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Publication numberUS7894281 B2
Publication typeGrant
Application numberUS 12/177,832
Publication dateFeb 22, 2011
Priority dateDec 27, 2007
Fee statusLapsed
Also published asUS20090168570
Publication number12177832, 177832, US 7894281 B2, US 7894281B2, US-B2-7894281, US7894281 B2, US7894281B2
InventorsKyoung-Wook Park
Original AssigneeHynix Semiconductor Inc.
Export CitationBiBTeX, EndNote, RefMan
External Links: USPTO, USPTO Assignment, Espacenet
Redundancy circuit using column addresses
US 7894281 B2
Abstract
A redundancy circuit includes an address redundancy circuit block that compares column address information of a defective memory cell and an external input column address and outputs a redundancy column activation signal, and an input/output (IO) redundancy circuit block that, in response to IO fuse information, which is information about a sub-block where a column line of the defective memory cell is arranged, and the redundancy column activation signal, controls whether or not to activate a global IO line connected to an IO pad of the sub-block.
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Claims(27)
1. A redundancy circuit, comprising:
an address redundancy circuit block configured to compare column address information of a defective memory cell and an external input column address and output a redundancy column activation signal; and
an input/output (IO) redundancy circuit block coupled with the address redundancy circuit block, the IO redundancy circuit block configured to control whether to activate a global IO line connected to an IO pad of a sub-block in response to IO fuse information including information related to the sub-block in which a column line of the defective memory cell is arranged and the redundancy column activation signal,
wherein the IO redundancy circuit block comprises:
an IO redundancy control section configured to use the IO fuse information as redundancy address and sub-block information in response to the redundancy column activation signal;
an IO decoder coupled with the IO redundancy control section, the IO decoder configured to decode the redundancy address and sub-block information and activate a global redundancy line; and
a global redundancy line controller coupled with the IO decoder, the global redundancy line controller configured to activate a specific write global redundancy line and a specific read global redundancy line according to the activated global redundancy line.
2. The redundancy circuit of claim 1, wherein the IO redundancy control section is further configured to provide the redundancy address and sub-block information at the same signal level as the IO fuse information when the redundancy column activation signal is activated.
3. The redundancy circuit of claim 1, wherein the IO redundancy control section is further configured to put the redundancy address and sub-block information in a floating state when receiving an activated redundancy column activation signal.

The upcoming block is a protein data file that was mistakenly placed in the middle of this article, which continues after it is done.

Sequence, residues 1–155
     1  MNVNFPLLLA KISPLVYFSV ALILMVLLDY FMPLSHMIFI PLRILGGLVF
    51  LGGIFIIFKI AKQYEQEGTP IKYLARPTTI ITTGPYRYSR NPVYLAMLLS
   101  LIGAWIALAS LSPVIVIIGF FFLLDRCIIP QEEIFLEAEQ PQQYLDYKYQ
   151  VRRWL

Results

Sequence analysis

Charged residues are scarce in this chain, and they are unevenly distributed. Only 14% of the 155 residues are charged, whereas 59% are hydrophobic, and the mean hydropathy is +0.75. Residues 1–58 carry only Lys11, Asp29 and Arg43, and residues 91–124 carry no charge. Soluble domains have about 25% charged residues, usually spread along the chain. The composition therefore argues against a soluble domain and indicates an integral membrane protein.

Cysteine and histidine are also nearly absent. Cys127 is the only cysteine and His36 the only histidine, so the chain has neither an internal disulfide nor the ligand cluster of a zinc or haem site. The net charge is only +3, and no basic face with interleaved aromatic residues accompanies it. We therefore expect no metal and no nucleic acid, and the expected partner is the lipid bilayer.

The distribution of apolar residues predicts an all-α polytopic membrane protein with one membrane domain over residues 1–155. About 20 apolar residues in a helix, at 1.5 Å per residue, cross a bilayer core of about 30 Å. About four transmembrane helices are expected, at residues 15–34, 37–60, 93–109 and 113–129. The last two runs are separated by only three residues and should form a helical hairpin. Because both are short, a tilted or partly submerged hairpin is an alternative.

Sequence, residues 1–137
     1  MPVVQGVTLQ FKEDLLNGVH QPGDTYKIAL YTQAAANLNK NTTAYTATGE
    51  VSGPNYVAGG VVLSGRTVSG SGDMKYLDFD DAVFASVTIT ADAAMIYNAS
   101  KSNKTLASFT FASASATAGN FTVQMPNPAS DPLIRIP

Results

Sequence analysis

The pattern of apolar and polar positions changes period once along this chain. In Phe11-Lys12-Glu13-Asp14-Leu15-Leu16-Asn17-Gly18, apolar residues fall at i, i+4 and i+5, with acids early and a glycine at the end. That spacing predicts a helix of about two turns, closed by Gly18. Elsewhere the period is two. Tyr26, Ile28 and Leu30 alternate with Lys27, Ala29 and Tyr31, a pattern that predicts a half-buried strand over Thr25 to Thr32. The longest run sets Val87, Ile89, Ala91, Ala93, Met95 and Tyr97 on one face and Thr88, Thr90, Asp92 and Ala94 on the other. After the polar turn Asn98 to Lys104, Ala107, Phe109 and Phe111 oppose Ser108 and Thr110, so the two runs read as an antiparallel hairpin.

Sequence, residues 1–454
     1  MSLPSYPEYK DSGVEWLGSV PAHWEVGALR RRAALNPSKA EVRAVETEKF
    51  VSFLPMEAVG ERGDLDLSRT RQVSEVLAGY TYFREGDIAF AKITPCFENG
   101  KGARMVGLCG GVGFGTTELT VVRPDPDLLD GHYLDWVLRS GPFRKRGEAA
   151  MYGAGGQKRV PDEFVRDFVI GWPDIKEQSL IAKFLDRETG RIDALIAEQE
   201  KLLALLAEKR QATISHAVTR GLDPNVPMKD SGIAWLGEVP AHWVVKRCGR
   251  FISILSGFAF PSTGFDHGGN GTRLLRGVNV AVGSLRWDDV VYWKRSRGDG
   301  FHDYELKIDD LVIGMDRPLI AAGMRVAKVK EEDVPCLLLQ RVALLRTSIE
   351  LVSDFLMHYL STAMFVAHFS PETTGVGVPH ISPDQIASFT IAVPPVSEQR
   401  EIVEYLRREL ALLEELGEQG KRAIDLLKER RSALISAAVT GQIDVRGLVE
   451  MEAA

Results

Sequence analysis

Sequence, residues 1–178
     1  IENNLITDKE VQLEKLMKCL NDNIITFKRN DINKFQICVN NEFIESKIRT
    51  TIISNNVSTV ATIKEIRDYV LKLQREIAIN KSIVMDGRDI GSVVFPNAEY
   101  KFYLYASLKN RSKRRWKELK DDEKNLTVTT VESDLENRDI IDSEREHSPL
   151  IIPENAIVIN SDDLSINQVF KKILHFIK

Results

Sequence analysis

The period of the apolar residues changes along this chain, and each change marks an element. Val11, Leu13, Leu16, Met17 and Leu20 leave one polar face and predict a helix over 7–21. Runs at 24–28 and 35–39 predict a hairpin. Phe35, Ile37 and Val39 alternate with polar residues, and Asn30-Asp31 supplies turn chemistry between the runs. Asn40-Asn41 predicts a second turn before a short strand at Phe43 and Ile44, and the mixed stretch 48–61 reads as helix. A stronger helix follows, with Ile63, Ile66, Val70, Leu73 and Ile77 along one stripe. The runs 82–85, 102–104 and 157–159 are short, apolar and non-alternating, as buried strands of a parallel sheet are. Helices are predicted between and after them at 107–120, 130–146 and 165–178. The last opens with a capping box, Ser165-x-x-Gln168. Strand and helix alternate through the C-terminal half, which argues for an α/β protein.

4. The redundancy circuit of claim 1, wherein the global redundancy line controller comprises:
a write selector configured to replace one of a plurality of write global lines with the write global redundancy line according to the activated global redundancy line when a write command is activated; and
a read selector configured to control whether to activate the read global redundancy line correspondingly connected to the global redundancy line when a read command is activated.
5. The redundancy circuit of claim 4, wherein the write selector includes a transmitter that is activated according to the global redundancy line and configured to transmit to the write global line.
6. The redundancy circuit of claim 4, wherein the read selector comprises:
a transmitter configured to provide the read global redundancy line activated at a high level according to the activated global redundancy line;
a pulse generator configured to generate a pulse after a predetermined time elapses according to the activated global redundancy line; and
a precharge unit configured to precharge an output node of the transmitter to a low level in response to the pulse.
7. The redundancy circuit of claim 6, wherein the precharge unit includes:
a pass gate that is turned on during a high-level period of the pulse; and
an NMOS transistor that is connected to the pass gate and is turned on by an external power supply voltage to synchronize the output node with a ground voltage.
8. The redundancy circuit of claim 6, wherein the read selector is further configured to put the read global redundancy line in a floating state when a corresponding global redundancy line is deactivated.
9. A redundancy circuit, comprising:
an address redundancy circuit block configured to determine whether column address information of a defective memory cell and an external input column address are consistent with each other, and to selectively provide a normal address path and a redundancy address path; and